Biofouling in focus – a smooth hull reduces your vessel’s GHG emissions

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November 22, 2021

Biofouling can significantly increase ships’ GHG emissions reveals an IMO study delivered at this month’s United Nations summit. The Hempaguard MaX system is one of the antifouling coatings on the market that maintains a fouling free hull over five years, writes Mads Raun Bertelsen, Head of Hull Performance Solutions at Hempel.

The debut findings of a study on the impact of biofouling on ships’ greenhouse gas (GHG) emissions reveal that even a thin layer of slime on a ship’s hull can increase its emissions by up to 25 per cent.  The study was presented to the United Nations Climate Change Summit held in Glasgow, UK, 4 November.

The 12-day COP 26 summit, was attended by world leaders, giving biofouling a stage that goes beyond shipping circles. The early findings of the report were presented at a side event by the Global Industry Alliance (GIA) for Marine Biosafety – a group of companies invested in reducing emissions created by biofouling though the framework of IMO’s GloFouling Partnerships project.

Preliminary findings reveal that a layer of slime can trigger an increase of GHG emissions in the range of 20 to 25 per cent, and a light layer of barnacles or tubeworms can increase GHG emissions up to 55 per cent, depending on ship characteristics, speed and other prevailing conditions, says the IMO in a statement.

Lilia Khodjet El Khil, IMO Project Technical Manager for GloFouling Partnerships says, “Biofouling management creates a smooth ship’s hull, and this will reduce friction and thereby reduce fuel consumption and associated GHG emissions. Biofouling management is an important part of the roadmap to a decarbonised future.”

Biofouling – the accumulation of various aquatic organisms that gather on ships’ hulls – increases the drag as a ship moves through the water and so more propulsion energy is needed which in turn increases fuel costs and carbon emissions. These organisms can also play havoc in marine habitats if they detach from the hull and reproduce in areas where they are non-native often taking over the habitat and endangering indigenous species.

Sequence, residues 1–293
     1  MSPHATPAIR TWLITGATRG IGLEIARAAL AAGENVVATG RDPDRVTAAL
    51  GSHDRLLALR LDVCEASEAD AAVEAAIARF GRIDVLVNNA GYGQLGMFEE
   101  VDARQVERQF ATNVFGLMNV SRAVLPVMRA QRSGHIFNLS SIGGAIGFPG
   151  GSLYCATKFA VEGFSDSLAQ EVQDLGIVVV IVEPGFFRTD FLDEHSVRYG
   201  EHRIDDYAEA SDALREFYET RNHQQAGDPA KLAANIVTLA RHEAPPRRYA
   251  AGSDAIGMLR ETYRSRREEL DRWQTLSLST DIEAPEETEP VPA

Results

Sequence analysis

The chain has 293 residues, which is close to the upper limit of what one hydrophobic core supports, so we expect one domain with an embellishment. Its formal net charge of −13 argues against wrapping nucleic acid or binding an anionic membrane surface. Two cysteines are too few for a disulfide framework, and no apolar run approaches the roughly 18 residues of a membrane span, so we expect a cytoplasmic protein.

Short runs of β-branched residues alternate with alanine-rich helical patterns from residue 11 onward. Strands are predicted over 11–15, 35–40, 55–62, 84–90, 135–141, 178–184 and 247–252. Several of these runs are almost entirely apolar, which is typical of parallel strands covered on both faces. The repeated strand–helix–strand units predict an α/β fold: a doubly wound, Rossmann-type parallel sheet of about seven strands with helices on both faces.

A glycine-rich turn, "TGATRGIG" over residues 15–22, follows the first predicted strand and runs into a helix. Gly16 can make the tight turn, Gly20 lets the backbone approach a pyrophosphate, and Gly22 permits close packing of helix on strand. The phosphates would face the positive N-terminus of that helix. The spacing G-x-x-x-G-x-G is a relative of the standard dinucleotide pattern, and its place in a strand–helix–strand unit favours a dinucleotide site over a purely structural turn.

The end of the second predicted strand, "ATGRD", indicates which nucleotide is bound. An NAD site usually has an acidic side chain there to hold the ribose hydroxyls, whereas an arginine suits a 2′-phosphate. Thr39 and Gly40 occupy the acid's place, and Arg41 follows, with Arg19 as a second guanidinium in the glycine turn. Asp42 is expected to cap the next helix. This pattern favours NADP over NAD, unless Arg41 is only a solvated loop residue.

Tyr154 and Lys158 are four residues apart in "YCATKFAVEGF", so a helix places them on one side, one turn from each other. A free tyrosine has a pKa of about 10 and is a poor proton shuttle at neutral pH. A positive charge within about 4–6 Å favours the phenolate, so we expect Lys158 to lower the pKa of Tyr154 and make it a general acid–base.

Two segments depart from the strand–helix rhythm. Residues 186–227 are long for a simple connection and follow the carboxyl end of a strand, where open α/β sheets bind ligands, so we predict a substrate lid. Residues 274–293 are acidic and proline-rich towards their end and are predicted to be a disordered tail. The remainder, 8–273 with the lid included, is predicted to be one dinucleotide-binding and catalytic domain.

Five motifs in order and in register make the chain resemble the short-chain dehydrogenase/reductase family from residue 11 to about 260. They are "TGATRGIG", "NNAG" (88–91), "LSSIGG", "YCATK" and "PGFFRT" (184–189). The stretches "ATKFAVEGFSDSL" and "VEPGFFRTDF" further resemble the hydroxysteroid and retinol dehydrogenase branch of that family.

Regulations in practice

To minimise the movement of non-indigenous species (NIS) through biofouling, IMO has made recommendations through its Marine Environment Protection Committee resolution (MEPC.207(62)). It calls for planned periods between drydocking to remove and assess any biofouling, the application of different anti-fouling systems, including paints and coverings, bearing in mind the specific speeds the ship intends to sail at, and the regions it will travel in – whether Arctic or tropical. In most cases all of these elements – sailing speed and water temperature along intended routes – influence the type of antifouling system applied to the ship’s hull.

Further, every aspect of a ship’s operation will be under increasing scrutiny as shipowners and operators seek to reduce their vessels’ emissions and increase their performance from both a regulatory and competitive standpoint. The IMO’s greenhouse gas strategy is being rolled out through holistic approaches to emissions reduction such as the Energy Efficiency Existing Ship Index (EEXI), which scores vessels for their efficiency. IMO is calling on ports and other stakeholders to offer incentives to the owners/operators of higher scoring ships.

These two IMO mechanisms require ship operators to look to their fleet and ensure that correct biofouling management is in place to reduce ship emissions and preserve ocean diversity.

Further, good biofouling management will result in significant cost savings through reduced fuel consumption – an important consideration given the recent uptick in bunker prices across the globe.